If this summer’s movie season has seemed a bit dull after the parade of liberal propaganda we enjoyed in 2004, not to worry. Hollywood is gearing up to release a slew of fall films specializing in half-truths and no-truths tailor-made to have audiences (or at least critics) wringing their hands in Anglo guilt till Oscar comes home to roost.
First up: The Constant Gardener, a piece of agitprop so thinly disguised as a love story only the most pseudo of intellectuals could take it seriously. The plot revolves around Justin, a trembly, teary British diplomat who falls in love with the much-younger anti-war demonstrator Tessa after she disrupts a speech he’s giving in defense of British involvement in Iraq. So charming is her tirade, Justin can’t help but marry her and carry her off to Africa with him. But instead of settling into marriage and motherhood, Tessa continues to make her husband’s life difficult by insulting dignitaries and prying into conspiracies wherein big pharmaceutical conglomerates push lethal drugs on hapless African test subjects. Naturally, the drug companies, with the British government’s blessing, have no choice but to hire contract killers to take Tessa out (this is not a spoiler—the film moves backwards from Tessa’s death). As Justin sifts through the clues Tessa left behind, he realizes he’s been a company dupe and vows to see her work through to its completion. But he can’t do it alone, and once those homicidal pill pushers start gunning for him, the only people Justin can turn to for help are workers for the U.N. and Amnesty International.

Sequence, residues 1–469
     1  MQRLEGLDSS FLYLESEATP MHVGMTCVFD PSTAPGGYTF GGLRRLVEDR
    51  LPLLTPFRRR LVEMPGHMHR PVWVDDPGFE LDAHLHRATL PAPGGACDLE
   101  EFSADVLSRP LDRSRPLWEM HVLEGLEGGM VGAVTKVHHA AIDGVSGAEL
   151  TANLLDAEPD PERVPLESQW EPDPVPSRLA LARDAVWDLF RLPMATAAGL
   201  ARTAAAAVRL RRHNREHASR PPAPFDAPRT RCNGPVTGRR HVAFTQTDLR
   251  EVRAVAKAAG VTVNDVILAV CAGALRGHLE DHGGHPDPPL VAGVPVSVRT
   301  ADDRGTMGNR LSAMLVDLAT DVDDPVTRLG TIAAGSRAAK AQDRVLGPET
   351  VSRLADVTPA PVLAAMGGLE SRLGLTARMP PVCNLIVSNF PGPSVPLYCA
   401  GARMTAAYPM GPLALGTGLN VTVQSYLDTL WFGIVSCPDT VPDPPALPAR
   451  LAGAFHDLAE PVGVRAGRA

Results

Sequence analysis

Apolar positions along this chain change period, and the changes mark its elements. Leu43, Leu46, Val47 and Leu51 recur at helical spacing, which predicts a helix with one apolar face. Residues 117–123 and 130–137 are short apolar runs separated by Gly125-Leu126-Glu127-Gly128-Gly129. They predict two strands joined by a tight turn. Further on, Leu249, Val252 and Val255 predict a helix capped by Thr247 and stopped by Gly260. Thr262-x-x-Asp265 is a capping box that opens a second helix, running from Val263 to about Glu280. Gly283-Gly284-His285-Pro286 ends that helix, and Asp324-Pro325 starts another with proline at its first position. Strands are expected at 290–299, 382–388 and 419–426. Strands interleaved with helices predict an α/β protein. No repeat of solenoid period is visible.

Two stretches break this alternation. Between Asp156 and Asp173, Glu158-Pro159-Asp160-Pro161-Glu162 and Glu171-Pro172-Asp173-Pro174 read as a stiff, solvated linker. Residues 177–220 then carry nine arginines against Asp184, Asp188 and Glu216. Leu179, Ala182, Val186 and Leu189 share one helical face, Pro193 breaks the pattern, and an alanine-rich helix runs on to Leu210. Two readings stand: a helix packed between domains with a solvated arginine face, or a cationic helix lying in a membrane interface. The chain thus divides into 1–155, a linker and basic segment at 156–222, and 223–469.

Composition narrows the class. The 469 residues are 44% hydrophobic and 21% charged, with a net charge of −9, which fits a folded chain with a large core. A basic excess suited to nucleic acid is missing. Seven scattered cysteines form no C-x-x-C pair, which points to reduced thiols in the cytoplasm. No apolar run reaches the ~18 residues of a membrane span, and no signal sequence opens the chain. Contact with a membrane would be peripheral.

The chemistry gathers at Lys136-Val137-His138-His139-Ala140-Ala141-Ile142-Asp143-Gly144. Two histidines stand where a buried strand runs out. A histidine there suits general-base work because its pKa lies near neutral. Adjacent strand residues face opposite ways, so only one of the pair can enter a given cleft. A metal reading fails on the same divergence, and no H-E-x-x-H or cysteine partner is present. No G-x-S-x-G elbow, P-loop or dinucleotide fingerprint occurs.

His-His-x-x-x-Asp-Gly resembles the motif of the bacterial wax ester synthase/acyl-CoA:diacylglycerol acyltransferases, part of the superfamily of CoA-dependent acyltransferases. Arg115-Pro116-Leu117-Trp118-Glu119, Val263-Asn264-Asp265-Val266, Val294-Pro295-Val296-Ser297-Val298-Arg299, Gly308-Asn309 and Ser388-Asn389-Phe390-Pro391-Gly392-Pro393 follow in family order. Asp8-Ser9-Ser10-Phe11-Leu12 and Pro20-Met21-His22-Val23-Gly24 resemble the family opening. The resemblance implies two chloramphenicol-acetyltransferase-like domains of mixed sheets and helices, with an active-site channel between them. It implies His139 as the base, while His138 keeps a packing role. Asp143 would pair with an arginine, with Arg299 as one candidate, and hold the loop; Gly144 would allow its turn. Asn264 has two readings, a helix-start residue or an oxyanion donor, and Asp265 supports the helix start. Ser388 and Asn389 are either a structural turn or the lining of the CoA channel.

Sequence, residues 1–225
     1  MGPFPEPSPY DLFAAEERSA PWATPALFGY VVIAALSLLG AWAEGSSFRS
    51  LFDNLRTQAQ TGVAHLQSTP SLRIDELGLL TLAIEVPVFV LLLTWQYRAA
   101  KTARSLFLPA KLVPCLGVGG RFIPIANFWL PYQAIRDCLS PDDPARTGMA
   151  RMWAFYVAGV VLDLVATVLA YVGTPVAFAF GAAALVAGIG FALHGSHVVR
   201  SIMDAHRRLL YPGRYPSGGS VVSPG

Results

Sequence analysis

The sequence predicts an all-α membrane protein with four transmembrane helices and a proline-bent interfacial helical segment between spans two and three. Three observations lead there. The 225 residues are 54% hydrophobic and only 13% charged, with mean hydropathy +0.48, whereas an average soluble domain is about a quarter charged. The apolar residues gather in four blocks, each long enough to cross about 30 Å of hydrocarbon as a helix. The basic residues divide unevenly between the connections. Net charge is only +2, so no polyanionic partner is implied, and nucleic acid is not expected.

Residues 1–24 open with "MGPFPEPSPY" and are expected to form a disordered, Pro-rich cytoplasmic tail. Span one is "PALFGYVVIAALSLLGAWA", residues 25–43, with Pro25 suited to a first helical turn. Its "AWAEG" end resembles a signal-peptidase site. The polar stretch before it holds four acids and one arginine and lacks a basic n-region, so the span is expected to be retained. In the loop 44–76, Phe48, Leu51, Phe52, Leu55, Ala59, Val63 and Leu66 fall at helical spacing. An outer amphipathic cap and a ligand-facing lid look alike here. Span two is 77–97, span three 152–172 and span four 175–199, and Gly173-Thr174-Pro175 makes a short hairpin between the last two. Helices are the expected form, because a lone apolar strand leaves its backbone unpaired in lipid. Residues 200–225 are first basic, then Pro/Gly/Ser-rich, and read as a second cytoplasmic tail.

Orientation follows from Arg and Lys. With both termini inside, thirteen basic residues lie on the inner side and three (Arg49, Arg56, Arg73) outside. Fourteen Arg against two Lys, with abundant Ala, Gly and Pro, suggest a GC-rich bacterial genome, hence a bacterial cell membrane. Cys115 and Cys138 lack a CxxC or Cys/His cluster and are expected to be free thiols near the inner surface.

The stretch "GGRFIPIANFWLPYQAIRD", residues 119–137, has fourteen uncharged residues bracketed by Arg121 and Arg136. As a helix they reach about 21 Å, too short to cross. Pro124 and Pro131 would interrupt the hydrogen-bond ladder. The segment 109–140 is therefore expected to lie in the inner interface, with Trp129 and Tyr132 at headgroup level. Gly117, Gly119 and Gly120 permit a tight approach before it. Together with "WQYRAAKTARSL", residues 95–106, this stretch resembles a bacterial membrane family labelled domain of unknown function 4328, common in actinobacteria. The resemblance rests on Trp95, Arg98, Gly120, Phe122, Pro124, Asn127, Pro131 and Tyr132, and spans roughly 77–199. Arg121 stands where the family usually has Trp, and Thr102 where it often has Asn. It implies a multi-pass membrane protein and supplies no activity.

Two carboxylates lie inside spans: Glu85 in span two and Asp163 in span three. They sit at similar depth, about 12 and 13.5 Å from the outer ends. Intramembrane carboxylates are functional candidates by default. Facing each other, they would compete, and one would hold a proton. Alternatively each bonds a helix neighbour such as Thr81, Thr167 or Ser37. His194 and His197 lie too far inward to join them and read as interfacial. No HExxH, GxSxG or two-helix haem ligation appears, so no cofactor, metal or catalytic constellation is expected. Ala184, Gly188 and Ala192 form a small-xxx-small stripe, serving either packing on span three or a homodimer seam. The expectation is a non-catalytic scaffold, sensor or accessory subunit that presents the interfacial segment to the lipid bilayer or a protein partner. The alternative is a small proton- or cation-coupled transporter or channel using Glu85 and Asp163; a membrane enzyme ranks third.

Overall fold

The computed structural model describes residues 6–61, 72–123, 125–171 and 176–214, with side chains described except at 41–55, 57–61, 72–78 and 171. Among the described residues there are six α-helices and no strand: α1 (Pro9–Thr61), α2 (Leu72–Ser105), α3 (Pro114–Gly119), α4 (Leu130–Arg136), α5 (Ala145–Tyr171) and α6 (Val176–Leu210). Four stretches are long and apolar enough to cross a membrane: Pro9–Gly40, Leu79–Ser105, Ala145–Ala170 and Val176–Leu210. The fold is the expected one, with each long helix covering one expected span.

The Constant Gardener’s moralizing is so heavy-handed it negates its own stunning cinematography and a truly inspired performance by Rachel Weisz. If a religious film had characters uttering lines as unbearably didactic as they do here, it would be rightly excoriated. As it is, since it’s evangelizing the masses in liberalism, the film has critics from Variety, The New York Times and hundreds of other left-leaning publications falling over themselves to throw roses at its feet.
Megan Basham is the author of Beside Every Successful Man: A Woman's Guide To Having It All
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